Pet Emergency Plan: Disaster Preparedness for Your Pets

 

Pet Emergency Plan – Think Ahead to Keep your Pet Safe!

We can count on our pets to keep us happy. Let’s make sure our pets can count on us when disaster happens.

We never know when things will turn to worst during disasters. It is always a good measure to have a concrete plan handy so we will be safe and secure together with our furry companions.

  • ID your pet: have you pet wear a collar with updated contact information and identification
  • Create a pet disaster kit: Having a pat bud-out bag will save you valuable tome during emergencies.
  • Get a rescue alert sticker: This lets people know what pets are inside your house and how many. Place it where it’s visible to rescue workers (on or near your front door). Also include your veterinarians phone number.
  • Research a safe place to take your pets: If evacuation is required during a disaster, taking your pet with you is the best way to protect them.

Remember, when it is not safe for you to stay, it’s not safe for them too. Lay out a plan for where you and your pet will go. Keep in mind that pets may not be allowed in human shelter unless they are service animals.

Here are some additional advises if you have to evacuate:

  • Contact your local emergency management office and ask if they offer accommodations for owners and their pets.
  • Check family or friends outside evacuation area. Contact a pet-friendly hotel, particularly along evacuation routes.

Tips to Stay at Home with Your Pet during an Emergency

If you stay home, do it safely: When you have to wait out a storm or other disaster at home, identify a safe area where you can all stay together.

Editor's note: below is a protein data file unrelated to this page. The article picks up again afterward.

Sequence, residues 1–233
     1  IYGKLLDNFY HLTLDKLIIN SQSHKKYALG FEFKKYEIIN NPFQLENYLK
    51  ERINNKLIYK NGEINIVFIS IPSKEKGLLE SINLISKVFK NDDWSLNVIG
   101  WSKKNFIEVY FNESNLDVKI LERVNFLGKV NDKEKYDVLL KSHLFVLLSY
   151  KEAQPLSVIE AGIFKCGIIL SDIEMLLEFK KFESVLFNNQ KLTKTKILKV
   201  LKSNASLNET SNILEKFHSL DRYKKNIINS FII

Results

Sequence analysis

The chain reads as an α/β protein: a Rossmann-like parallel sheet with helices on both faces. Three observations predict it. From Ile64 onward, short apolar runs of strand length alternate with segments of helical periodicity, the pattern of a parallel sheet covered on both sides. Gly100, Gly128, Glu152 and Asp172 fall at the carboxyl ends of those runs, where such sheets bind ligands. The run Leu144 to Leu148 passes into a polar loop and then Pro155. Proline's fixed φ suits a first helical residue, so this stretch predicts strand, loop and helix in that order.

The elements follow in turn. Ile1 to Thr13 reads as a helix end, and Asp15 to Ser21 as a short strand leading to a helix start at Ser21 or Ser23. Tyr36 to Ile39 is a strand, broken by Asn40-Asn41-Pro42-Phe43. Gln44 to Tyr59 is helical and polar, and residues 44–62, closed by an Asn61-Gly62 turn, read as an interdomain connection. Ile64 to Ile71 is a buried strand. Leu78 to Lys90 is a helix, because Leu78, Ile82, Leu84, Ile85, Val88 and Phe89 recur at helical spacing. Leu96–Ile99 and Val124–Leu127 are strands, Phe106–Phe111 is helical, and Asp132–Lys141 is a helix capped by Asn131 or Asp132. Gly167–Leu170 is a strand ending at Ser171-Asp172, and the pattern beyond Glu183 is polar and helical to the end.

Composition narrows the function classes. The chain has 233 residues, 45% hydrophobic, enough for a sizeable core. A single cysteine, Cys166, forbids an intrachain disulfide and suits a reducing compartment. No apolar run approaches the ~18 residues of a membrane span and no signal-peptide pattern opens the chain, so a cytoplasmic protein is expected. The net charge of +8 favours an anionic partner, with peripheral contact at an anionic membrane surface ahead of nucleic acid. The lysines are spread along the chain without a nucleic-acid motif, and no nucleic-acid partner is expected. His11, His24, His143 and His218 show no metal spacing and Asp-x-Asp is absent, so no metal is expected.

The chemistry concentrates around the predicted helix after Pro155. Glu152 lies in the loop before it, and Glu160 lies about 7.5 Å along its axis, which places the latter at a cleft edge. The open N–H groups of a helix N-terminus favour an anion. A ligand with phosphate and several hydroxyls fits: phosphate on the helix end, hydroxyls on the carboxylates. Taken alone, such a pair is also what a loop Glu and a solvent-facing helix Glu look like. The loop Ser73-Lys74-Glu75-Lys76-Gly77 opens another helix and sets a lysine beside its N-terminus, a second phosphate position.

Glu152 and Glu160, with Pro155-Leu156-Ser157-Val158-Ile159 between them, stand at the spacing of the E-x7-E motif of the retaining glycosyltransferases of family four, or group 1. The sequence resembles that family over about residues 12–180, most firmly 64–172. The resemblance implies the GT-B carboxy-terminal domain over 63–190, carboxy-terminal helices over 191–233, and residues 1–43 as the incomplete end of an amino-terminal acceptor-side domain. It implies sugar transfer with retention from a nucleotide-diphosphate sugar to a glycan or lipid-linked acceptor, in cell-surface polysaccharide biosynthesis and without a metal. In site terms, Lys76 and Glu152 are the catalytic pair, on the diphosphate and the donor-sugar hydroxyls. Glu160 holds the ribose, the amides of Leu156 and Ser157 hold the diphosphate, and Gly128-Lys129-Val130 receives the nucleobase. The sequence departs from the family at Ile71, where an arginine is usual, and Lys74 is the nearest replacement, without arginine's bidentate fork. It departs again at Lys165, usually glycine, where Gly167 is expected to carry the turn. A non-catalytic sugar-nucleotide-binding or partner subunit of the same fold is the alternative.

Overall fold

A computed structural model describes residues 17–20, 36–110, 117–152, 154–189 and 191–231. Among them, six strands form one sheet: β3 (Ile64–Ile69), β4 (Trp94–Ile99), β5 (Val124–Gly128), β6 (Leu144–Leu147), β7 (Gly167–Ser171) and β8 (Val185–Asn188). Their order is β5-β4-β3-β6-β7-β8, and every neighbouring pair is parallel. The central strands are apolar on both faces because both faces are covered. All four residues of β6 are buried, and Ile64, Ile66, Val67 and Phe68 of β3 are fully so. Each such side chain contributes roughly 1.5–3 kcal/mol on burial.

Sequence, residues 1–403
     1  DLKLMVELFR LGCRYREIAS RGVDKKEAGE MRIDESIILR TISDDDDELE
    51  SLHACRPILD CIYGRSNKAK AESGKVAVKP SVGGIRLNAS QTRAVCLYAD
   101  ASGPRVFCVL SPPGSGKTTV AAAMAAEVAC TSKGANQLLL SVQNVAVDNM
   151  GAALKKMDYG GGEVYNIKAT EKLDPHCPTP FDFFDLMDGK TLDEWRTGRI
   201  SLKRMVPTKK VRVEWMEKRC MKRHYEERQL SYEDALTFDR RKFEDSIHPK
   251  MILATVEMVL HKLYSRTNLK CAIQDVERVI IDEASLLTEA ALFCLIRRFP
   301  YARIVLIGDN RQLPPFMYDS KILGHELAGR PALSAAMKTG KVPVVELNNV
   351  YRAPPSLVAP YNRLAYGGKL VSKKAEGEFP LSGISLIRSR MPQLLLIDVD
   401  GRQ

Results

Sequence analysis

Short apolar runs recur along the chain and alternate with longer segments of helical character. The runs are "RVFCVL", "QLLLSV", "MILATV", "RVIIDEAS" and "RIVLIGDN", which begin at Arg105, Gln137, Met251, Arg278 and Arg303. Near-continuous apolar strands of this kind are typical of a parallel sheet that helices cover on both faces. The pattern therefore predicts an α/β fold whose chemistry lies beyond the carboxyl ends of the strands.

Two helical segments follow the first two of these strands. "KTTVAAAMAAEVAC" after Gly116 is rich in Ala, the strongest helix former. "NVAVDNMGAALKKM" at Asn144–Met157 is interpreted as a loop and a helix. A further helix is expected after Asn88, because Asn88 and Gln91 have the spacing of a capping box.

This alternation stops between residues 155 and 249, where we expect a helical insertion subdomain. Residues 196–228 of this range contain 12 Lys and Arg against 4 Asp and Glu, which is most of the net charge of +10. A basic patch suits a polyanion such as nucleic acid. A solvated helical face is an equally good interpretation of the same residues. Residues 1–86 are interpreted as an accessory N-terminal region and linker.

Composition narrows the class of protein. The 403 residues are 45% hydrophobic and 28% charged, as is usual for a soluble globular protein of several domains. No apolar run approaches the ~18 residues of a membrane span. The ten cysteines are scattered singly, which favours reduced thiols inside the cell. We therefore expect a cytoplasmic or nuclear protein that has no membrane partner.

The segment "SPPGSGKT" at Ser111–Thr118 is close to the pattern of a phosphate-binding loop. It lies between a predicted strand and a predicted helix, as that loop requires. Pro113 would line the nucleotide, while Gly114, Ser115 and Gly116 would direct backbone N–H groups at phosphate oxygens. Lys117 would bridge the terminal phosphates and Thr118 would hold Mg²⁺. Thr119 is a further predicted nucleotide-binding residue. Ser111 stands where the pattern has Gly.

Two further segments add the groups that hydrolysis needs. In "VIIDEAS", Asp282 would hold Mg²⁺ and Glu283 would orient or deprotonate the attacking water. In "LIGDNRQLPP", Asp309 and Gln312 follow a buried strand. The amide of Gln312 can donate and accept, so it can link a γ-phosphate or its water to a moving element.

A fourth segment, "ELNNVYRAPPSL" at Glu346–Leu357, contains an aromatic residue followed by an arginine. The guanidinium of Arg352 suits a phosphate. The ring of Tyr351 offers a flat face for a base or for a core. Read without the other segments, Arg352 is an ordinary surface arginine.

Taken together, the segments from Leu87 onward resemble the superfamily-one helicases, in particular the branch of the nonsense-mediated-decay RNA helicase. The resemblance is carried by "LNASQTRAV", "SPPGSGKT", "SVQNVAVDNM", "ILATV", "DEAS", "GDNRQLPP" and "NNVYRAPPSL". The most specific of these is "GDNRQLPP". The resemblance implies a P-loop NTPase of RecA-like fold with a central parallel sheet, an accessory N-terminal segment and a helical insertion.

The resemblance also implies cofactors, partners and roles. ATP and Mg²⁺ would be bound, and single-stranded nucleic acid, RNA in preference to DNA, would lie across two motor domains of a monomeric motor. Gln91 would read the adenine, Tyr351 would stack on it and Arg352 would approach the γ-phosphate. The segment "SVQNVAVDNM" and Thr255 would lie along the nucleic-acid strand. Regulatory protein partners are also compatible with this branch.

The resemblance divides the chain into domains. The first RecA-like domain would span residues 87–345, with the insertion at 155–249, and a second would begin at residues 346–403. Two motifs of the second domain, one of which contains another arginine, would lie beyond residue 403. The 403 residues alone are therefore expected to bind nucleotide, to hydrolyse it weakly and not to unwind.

Here are some tips you can do to make it safer for you and your pets.

  • Move dangerous items such as tools or toxic products that have been stored in the area.
  • Bring your pets indoors as soon as local authorities say trouble is on the way. Keep dogs on leashes and cats in carriers, and make sure they are wearing identification.
  • If you have a room you can designate as a safe room, put your emergency supplies in that room in advance, including your pet’s crate and supplies. Have any medications and a supply of pet food and water inside watertight containers, along with your other emergency supplies. If there is an open fireplace, vent, pet door or similar opening in the house, close it off with plastic sheeting and strong tape.
  • Listen to the radio periodically and don’t come out until you know it’s safe.

Post Disaster

After the disaster, your home will be a very different place making it hard for your pets to adjust.

  • Don’t allow you pets to roam loose.
  • Familiar landmarks and smells might be gone, and your pet will probably be disoriented. Pets can easily get lost in such situations.
  • While you assess the damage, keep dogs on leashes and cats in carriers inside the house. If your house is damaged, you pets could escape.
  • Dogs could also be keep in tactical dogs vest to help you securing the house..
  • Be patient with your pets after a disaster. Try to get them back into their normal routines as soon as possible. Be ready for behavioral problems caused by the stress of the situation. If these problems persist, or if your pet seems to be having any health problems, talk to your veterinarian.
  • If you community has been flooded, check your home and yard for wild animals who may have sought refuge there. Wildlife can pose a threat to you and your pets.

If you seek out more information

There is a safety app that shows pet owners exactly what to do in case of a natural disaster. It stores vital medical records, and provides information on making life-saving decisions during natural disasters. You can download it for free!